[PHOTO: The Liu family. Albert is on the far right.]
“When I’m up in the air, looking down at Singapore, I can see it. We still have green spaces.
“I think we are not that bad yet. We still have a chance to protect the green spaces,” the 30-year-old military pilot says as we sit in the living room of the British High Commissioner’s residence.
Albert Liu has just been given the Chevening scholarship, a bond-free scholarship to do his masters in biodiversity, conservation and management at Oxford University. It is funded by the United Kingdom Foreign and Commonwealth Office.
He joined the RSAF a decade ago and his description of his work is perhaps closer to Aladdin describing a flying carpet.
“Flying is magical. When I am on board a passenger plane and I close my eyes, I know when the plane takes off and lands. I feel it.
“But it is just different when you are flying the plane. It is not like I am a control freak, but it is just… magical.”
His love for planes has not changed but since September 2013, he has a mistress in tow. He is the pilot with a green mission.
His family may be his strongest motivator. His mother says: “I think it is important for him to pursue what he loves, then dread what he does each day.”
[PHOTO: President of Nature Society, Shawn Lum and Albert Liu, after Liu received his scholarship]
“As Shawn spoke to us, I remember he said something about the Cross-Island Line that stretches through the central catchment nature reserve.
“It struck a cord with me. How can a public transport system cut across a nature reserve?
“When I went home that night, I asked myself: is there something I can do about it?”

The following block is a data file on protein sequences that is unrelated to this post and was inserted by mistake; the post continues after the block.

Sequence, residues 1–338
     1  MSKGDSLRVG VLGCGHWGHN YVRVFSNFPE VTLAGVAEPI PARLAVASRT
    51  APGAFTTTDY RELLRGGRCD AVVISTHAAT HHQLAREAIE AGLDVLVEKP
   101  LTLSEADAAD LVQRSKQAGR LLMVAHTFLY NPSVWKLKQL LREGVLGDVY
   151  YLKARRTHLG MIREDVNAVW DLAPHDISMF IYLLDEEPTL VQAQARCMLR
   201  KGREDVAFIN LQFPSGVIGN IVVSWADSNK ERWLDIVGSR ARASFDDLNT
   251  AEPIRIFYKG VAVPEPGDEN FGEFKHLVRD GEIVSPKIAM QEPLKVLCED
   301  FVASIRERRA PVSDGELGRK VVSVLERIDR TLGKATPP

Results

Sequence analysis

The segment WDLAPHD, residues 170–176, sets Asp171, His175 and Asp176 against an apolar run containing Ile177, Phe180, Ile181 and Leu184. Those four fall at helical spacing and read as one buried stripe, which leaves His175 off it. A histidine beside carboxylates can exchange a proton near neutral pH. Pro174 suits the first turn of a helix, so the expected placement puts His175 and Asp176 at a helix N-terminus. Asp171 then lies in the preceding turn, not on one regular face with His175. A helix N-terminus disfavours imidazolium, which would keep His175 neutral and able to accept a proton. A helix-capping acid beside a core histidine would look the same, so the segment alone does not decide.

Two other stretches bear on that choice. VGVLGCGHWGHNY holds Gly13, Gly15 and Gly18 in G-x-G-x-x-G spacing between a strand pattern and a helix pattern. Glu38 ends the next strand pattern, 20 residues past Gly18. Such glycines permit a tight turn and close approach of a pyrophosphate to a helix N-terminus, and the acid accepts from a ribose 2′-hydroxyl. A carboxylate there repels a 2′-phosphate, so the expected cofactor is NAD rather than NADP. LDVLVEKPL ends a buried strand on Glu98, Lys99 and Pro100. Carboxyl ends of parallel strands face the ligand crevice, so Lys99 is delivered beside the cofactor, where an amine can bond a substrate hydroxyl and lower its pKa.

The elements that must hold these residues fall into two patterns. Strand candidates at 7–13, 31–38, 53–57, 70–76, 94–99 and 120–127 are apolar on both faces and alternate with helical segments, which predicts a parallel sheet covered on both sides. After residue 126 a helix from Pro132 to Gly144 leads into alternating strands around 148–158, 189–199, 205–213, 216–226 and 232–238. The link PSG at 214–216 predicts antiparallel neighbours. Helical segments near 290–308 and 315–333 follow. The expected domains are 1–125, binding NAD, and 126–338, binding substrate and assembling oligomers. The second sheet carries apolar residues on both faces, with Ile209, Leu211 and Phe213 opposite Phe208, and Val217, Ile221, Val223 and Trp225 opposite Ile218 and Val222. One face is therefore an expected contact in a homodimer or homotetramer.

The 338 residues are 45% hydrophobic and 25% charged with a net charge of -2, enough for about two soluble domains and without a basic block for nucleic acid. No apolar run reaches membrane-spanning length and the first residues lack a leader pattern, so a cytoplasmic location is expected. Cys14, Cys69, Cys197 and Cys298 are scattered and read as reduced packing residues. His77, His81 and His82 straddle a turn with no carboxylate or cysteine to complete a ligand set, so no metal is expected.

In the end, Liu did not lobby for the demise of the Cross-Island Line. He did, however, volunteer with Nature Society.
Since September 2013, he has spent time picking litter and saving crabs, among other environmental work, with Nature Society.
His brother claims that he wears a pair of yellow boots for his excursions, which he would hang around the house to dry.
Liu says of his excursions: “When we go out to rescue horseshoe crabs, I am always surprised to see children volunteering. They tell me, it is fun and meaningful.
“I tell you very honestly – it is not. It is dirty, smelly and when we get stuck in the mud, it goes all the way up to your calves. And it is the kind of mud that you cannot wash off easily.
“Half the time, you are in a place all urban dwellers hate. It is a dumping ground with dead fishes, dead stuff all over.”
He admits the environmental cause is a tough fight.
“It is very hard to explain [what I do] to people like my parents. Their generation grew up preoccupied with the idea of survival.
“You got to talk in terms of dollars and cents,” he says with an air of realism.
He finds himself at the Kranji mangrove swamps often. He has been there many times with other volunteers from Nature Society.
It is the home of the migratory birds and horseshoe crabs. It is also the final resting ground for all things unimaginable – including an old television set.
“It is not a sight you see in Singapore. There is very little public interest about the area.
“The truth is the government needs to take charge of the area, then the swamp can be conserved, but there is no public interest.”
“I can give you a good reason to do so.
“The green spaces like the mangroves are not like Gardens by the Bay – you cannot build them in a short period of time. Nature reserves take hundreds of years to mature.
“And these reserves tug at our heartstrings – that’s our sense of belonging to Singapore.”
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